The Director-General of UNESCO, Koïchiro Matsuura, and the President of the General Conference, Ambassador Musa Bin Jaafar Bin Hassan, signed on 9 December 2005, the text of the Convention on the Protection and Promotion of the Diversity of Cultural Expressions, adopted at the 33rd session of the General Conference last October 20, 2005. This signature certifies the six language versions of the Convention, thus opening the path for its ratification by Member States. The Convention will enter into force three months after its ratification by 30 States Parties.
Already, Canada has become the first State to ratify this Convention
Several national and international promoters as well commonly agree in recognizing that pressures regarding the diversity of cultural expressions become more and more numerous in the present context of free trade exchanges and technological developments. They indeed underline that trade agreements have been placing increasing pressure on countries to give up their right to have cultural policies to ensure their citizens have access to their own culture, as well as culture from other countries around the world. This is why the UNESCO Convention on the Diversity of Cultural Expressions is so important:
The Convention will enter into force three months after the registering date of the thirtieth ratification instrument. In order for the first Conference of the Parties to meet as quickly as possible, that is within the next UNESCO General Conference as soon as Fall 2007, the thirtieth ratification instrument should be registered on June 30, 2007 at the latest, thus allowing the Convention to become effective on September 30.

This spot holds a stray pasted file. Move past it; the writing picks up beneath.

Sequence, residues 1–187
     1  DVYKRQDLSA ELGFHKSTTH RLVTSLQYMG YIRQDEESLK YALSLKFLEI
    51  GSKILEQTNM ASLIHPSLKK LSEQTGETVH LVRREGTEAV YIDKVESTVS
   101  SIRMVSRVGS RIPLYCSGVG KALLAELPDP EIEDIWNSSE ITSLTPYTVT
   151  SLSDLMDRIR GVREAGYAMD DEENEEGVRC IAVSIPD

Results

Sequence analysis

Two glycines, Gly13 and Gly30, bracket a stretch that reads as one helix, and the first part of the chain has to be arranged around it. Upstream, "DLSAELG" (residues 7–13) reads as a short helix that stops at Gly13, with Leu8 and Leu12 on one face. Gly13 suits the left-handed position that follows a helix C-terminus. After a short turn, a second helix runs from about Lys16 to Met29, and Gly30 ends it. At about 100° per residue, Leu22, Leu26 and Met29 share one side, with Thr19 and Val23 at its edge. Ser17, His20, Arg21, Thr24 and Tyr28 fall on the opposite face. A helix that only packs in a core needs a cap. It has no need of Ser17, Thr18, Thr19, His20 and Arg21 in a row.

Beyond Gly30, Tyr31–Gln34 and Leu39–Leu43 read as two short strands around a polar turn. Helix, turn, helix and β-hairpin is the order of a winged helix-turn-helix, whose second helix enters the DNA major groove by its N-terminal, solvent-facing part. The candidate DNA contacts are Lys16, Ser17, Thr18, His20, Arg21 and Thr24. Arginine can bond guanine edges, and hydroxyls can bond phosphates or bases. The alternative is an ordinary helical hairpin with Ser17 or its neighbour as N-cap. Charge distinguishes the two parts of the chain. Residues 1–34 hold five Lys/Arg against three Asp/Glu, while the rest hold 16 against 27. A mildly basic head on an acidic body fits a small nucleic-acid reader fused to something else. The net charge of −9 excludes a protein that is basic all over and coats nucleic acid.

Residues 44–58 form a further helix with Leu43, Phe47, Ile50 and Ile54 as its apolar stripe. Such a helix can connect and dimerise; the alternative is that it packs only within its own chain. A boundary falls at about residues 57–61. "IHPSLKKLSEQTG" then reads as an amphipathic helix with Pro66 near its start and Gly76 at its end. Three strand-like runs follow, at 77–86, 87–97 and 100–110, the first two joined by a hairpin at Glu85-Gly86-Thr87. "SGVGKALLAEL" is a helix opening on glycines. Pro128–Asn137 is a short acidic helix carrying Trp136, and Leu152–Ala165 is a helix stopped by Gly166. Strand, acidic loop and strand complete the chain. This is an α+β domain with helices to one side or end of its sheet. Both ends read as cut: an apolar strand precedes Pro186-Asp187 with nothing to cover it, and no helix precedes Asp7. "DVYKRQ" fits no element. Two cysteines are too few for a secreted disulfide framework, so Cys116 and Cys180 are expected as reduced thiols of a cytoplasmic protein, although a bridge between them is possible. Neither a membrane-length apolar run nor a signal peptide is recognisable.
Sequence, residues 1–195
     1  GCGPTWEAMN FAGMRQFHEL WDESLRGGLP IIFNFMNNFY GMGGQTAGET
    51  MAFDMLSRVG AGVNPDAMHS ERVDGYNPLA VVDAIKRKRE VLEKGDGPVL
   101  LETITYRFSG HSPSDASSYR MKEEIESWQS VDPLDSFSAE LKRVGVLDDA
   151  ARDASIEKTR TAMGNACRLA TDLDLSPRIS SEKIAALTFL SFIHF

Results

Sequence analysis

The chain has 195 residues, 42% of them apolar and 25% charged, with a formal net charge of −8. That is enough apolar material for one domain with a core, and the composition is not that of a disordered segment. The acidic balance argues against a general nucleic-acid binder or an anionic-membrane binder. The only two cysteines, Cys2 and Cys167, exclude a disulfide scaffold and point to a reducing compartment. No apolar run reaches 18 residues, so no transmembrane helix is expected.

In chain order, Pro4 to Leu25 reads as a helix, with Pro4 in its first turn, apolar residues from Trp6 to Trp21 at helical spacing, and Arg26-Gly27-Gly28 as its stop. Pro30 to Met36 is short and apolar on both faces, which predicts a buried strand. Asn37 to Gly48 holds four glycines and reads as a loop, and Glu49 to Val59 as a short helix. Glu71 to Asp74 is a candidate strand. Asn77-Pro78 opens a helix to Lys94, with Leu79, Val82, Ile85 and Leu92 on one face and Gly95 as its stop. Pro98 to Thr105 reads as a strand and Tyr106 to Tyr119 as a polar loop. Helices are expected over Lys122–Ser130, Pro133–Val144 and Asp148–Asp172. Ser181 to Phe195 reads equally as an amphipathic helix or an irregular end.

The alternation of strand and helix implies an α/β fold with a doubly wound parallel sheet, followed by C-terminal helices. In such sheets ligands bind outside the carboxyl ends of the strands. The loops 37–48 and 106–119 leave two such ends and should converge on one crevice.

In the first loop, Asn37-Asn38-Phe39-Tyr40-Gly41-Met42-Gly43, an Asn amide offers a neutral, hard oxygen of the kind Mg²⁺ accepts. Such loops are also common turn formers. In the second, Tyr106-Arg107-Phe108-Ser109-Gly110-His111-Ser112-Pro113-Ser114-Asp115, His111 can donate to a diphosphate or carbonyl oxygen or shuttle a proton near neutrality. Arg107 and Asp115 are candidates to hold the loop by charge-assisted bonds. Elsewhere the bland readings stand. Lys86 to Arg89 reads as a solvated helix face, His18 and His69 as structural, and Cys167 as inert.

For the Convention to have a real scope, ratifications should rapidly come from a large number of States and from all regions of the world: Asia, Europe, Africa and the Americas. On one hand, the larger the number of Parties to the Convention the more the Convention shall take its due place into the international law system, and the more its objectives and the means to attain them shall become recognized, on the other hand .
In our future issues, we will progressively indicate, as soon as possible, the States that have ratified the Convention or pledged to do so, thus allowing you to have a better follow up of that progress.